I recently watched an interesting video on YouTube where magician & proclaimed atheist, Penn Jillette, claims that atheists are excluded from Christmas. Penn calls Christianity a club, saying they “want to close other people out”. In his commentary, he actually asked, “why are you forcing us not to have our joy?”
My, oh my!
OK, I’m totally against the commercialization of Christmas. It’s really not about racing around to stores for the best deals, eating until we feel like popping and the endless stress of getting everything just right.
People from other faiths celebrate other holidays around this time of year, too. That’s awesome and I’m happy for them! But to be clear, I’m talking about Christmas, not to be confused with the other holidays. I’m not going to get into the entire history of wintertime holidays, but Christmas itself is about commemorating the birth of Jesus Christ. Even the name comes from the words Christ’s Mass. It’s celebrated in December because that’s when scholars believe Christ was born, based on historical accounts of His conception in the spring.
It’s For Everyone
Granted, there are all kinds of people out there and even some Christian may not really have the true Christmas spirit. But, I really don’t believe that the general consensus is to leave out non-Christians from Christmas. In fact, any true Christian will love and want to include all people in the celebration of Christmas. Jesus loved everyone and asked no less from us all.
It’s obvious that people who complain about being left out of Christmas because it’s called Christmas and because of what Christmas is about, want to somehow change the meaning of the holiday. Typically, it’s those people who aren’t religious themselves who seem to be uncomfortable with other people’s’ expression of spiritual belief.
The Most Wonderful Time of the Year
Those who have the true spirit of the season want nothing more than to include everyone, regardless of race, religion or any other factor! I wouldn’t want to see anyone left out of Christmas – it’s a wonderful time of the year! I’ve had friends who are Buddhist, Jewish – even atheist, and they all have been gracious in giving & receiving Christmas gifts.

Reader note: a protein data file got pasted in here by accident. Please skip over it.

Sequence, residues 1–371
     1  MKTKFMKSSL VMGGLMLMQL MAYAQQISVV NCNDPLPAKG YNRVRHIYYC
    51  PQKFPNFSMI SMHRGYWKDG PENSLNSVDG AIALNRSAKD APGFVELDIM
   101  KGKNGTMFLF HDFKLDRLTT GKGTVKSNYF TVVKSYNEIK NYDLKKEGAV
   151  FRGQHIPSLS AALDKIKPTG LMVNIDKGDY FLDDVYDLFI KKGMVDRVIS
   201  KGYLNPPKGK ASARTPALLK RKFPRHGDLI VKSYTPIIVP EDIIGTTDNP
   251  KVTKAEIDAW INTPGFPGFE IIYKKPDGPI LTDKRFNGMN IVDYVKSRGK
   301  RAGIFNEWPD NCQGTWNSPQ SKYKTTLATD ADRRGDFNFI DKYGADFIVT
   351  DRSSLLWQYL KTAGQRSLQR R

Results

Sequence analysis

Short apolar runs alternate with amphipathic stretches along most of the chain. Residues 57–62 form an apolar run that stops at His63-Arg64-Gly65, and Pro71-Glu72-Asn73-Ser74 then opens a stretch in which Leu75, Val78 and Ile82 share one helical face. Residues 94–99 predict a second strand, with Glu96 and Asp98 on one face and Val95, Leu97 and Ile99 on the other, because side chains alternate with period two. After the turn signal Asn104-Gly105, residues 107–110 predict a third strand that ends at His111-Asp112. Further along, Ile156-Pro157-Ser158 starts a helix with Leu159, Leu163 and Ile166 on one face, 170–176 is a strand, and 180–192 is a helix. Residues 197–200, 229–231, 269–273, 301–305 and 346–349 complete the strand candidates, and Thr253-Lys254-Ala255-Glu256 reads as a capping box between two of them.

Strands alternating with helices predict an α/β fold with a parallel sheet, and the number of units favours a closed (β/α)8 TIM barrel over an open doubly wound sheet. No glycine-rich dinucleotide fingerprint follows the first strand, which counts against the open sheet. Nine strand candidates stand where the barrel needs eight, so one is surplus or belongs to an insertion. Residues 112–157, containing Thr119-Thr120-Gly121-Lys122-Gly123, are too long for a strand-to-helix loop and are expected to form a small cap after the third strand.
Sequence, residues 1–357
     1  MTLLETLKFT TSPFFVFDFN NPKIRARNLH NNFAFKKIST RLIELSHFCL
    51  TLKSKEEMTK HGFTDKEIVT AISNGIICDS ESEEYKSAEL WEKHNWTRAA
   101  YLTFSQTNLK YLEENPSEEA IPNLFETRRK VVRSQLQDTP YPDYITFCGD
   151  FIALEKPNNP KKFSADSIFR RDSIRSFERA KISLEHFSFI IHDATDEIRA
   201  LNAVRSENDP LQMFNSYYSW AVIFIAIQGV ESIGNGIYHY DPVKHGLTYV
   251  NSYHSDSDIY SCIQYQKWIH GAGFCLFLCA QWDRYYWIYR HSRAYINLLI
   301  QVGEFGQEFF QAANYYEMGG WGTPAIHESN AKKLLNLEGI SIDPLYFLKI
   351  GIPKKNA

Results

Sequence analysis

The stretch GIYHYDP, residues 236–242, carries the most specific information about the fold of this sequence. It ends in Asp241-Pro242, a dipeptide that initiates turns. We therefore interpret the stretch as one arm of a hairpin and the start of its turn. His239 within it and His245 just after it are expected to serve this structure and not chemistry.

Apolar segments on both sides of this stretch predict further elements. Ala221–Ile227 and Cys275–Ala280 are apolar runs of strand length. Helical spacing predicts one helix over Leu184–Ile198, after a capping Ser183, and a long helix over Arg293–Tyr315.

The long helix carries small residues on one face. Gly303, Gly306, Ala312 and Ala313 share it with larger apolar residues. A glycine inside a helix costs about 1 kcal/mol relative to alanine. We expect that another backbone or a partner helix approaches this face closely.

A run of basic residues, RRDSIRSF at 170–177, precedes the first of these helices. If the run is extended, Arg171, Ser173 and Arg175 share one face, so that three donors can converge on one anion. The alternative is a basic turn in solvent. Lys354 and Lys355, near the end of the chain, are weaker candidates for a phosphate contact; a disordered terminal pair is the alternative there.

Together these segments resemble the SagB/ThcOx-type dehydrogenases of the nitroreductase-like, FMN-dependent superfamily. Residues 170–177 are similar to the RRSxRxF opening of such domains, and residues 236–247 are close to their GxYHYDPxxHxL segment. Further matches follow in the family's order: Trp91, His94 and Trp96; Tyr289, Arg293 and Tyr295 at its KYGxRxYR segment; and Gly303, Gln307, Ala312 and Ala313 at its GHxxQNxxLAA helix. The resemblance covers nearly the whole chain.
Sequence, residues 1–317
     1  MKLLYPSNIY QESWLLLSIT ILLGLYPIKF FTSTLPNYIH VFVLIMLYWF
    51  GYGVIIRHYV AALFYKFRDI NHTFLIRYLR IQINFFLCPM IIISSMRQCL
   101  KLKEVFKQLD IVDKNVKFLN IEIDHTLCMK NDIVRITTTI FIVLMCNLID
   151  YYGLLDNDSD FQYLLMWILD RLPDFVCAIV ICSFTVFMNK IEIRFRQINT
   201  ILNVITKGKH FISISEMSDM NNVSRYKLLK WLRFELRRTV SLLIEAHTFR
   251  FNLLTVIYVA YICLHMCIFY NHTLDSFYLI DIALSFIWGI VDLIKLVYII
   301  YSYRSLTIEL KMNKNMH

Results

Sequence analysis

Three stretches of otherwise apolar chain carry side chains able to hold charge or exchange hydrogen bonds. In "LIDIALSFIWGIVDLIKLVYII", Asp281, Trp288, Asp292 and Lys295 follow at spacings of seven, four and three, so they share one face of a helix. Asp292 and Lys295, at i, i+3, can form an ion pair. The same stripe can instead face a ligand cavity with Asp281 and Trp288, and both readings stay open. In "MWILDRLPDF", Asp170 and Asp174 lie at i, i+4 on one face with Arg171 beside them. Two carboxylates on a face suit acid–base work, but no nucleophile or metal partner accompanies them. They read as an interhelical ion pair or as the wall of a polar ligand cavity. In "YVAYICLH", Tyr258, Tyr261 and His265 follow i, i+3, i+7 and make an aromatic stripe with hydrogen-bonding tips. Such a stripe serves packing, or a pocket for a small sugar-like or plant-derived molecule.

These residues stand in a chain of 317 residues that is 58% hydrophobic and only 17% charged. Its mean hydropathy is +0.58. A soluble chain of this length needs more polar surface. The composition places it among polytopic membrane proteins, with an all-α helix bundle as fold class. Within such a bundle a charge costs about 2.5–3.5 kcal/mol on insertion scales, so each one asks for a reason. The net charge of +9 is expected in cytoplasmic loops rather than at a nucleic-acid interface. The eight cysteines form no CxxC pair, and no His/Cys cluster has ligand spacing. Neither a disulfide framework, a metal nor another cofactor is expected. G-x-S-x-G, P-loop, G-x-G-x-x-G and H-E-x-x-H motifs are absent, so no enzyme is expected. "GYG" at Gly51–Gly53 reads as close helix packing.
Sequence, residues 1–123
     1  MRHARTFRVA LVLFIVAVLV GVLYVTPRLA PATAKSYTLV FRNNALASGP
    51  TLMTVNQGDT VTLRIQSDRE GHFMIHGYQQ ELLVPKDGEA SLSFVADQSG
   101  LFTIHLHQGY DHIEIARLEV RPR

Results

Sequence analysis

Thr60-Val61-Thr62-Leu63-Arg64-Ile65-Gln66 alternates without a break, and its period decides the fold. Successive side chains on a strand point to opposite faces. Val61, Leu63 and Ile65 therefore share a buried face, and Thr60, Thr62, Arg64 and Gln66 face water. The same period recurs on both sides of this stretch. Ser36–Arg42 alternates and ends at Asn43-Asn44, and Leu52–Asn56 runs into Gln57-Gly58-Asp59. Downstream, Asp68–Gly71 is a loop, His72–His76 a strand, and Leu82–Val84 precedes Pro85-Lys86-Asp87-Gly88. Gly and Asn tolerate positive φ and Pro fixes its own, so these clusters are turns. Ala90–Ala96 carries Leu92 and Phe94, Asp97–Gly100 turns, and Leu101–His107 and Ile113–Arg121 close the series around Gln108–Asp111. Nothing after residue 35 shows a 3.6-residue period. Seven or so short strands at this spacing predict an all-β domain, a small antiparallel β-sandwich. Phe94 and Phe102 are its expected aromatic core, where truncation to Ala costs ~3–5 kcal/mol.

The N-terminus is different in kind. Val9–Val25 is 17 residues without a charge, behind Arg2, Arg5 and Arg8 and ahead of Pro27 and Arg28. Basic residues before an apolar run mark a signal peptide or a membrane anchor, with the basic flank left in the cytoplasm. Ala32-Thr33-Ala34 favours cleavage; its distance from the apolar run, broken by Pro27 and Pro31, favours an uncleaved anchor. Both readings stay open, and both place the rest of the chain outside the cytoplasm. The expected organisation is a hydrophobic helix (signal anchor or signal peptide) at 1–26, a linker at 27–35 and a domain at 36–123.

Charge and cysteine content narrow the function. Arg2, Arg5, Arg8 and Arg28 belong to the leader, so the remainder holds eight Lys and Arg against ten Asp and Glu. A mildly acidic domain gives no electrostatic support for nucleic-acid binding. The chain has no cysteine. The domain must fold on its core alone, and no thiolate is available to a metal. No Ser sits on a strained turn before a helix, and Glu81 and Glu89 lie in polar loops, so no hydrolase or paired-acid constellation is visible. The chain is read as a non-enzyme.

An atheist who feels left out for me celebrating what I believe in should get some solid beliefs of their own to celebrate – because atheism itself is non-belief in God or a higher divine power. Someone who doesn’t believe in God is going to have no hope or faith for anything after this worldly existence…and therefore, no reason to celebrate hope. It’s no wonder they would feel excluded – they’ve excluded themselves.
Feeling Left Out?
My sincere, loving recommendation would be this: if you really feel left out of a Christian holiday because you don’t believe in God and Christ, then maybe you should re-examine that lack of belief or simply establish your own set of solid beliefs and then celebrate them. But don’t try to change the meaning of what I believe and celebrate because you don’t like it.
In his video, Penn Jillette also suggested we just call it “the holiday”. Well, doesn’t that just change Christmas if we don’t call it what it is?
It’s ridiculous to change Christmas so that people who believe differently aren’t uncomfortable. That’s someone imposing their beliefs on another person in an effort to change how they think and what they celebrate – just so as not to feel left out. I have nothing against atheists but I don’t think the same way they do. I believe in God in Heaven with all of my soul – and in His son, Jesus Christ.
A Welcome To All
I believe we help others feel comfortable by respecting their individual beliefs, loving them as fellow human souls and welcoming them all to share in the joy of Christmas!
So Penn, no one is forcing you to not have your joy. To my knowledge, no one is excluding you from Christmas. In fact, I’d love to include you for Christmas, even welcoming you into my humble home and would want you to bring your joy along! I’d welcome everyone. We may not have a huge tree or tons of fancy food to feast on but we practice love & understanding. In my home we believe in God and Jesus Christ, discuss the story of His birth and life, then give thanks in prayer before Christmas dinner.
This time of year is special to billions or people around the world for various reasons. It’s a time to forget segregation and denomination, expressing brotherhood with everyone. Though we may live under different roofs or decorate differently, we all came from the same place and now share the same planet as our home.
From my heart to yours, I wish you a very merry Christmas!
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